There are two waymarked paths in the forest; one is just over a kilometre long while the other is two kilometres in length. The Ulster Way also runs through part of the forest.
There is a National Trust walk in the Bishops Gate which directly opposite the entrance and can be used to extend the walk
Downhill Forest is a small mixed woodland of 83 hectares just inland from the North Coast of Northern Ireland, near Castlerock. The Forest was originally part of the estate of Frederick Harvey, the 4th Earl of Bristol and Bishop of Derry, which included Downhill Castle, now maintained by The National Trust.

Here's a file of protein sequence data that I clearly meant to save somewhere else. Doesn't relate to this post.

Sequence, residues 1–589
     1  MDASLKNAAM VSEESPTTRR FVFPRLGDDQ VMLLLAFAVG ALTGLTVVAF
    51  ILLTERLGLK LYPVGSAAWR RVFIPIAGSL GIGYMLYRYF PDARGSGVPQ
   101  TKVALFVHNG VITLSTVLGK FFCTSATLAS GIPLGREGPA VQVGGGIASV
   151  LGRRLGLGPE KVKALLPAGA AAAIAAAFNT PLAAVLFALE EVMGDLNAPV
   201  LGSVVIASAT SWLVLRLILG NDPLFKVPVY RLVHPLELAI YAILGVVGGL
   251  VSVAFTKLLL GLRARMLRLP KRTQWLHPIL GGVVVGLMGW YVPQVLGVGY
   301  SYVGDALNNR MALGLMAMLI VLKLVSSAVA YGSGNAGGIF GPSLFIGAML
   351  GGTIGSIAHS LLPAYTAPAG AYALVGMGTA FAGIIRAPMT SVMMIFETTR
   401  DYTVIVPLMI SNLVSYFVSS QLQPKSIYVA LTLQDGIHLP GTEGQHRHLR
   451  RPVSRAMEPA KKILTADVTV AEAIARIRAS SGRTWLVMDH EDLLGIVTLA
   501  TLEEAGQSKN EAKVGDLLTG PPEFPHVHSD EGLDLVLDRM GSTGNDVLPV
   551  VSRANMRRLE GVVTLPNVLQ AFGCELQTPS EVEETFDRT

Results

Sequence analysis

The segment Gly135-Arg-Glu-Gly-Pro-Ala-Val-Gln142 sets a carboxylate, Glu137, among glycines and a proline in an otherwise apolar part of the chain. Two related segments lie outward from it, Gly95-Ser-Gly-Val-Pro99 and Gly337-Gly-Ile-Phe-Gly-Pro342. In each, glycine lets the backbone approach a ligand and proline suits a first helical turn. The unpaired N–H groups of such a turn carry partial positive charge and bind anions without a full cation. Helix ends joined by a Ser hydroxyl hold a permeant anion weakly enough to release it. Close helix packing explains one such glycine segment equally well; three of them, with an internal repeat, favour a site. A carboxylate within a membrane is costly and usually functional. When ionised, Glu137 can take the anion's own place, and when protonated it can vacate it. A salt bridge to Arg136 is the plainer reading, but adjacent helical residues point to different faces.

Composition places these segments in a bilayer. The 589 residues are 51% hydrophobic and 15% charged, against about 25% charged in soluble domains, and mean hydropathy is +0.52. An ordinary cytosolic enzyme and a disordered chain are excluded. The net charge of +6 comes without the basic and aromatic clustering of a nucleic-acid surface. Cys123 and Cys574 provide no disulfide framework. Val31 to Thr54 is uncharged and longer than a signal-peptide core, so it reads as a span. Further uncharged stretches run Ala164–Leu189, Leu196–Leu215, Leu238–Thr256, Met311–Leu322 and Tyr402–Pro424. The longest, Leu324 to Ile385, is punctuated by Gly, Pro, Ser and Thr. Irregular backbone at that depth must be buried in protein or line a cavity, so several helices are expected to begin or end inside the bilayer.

A walk through Downhill Forest will allow you to view one of Northern Irelands fattest Sitka spruce (in 1962 the girth was approximately 6m), an Early Christian Promontory Fort and an old water powered sawmill with its lade running round the small lake in the middle of this woodland.
The lake was originally designed as a fishpond, a number of Mallard ducks have taken up residence. Both the waymarked walks pass by this elongated pond.
There are two waymarked paths in the forest; one is just over a kilometre long while the other is two kilometres in length. The Ulster Way also runs through part of the forest. The North West Orienteering Club have also created a permanent orienteering course in the forest.
These walks are situated in a working forest environment and may be subject to diversion and closure from time to time.
Point of interest
Northern Ireland's fattest Sitka spruce
Refreshments and toilets available in Castlerock.
Downhill Forest Mill Trail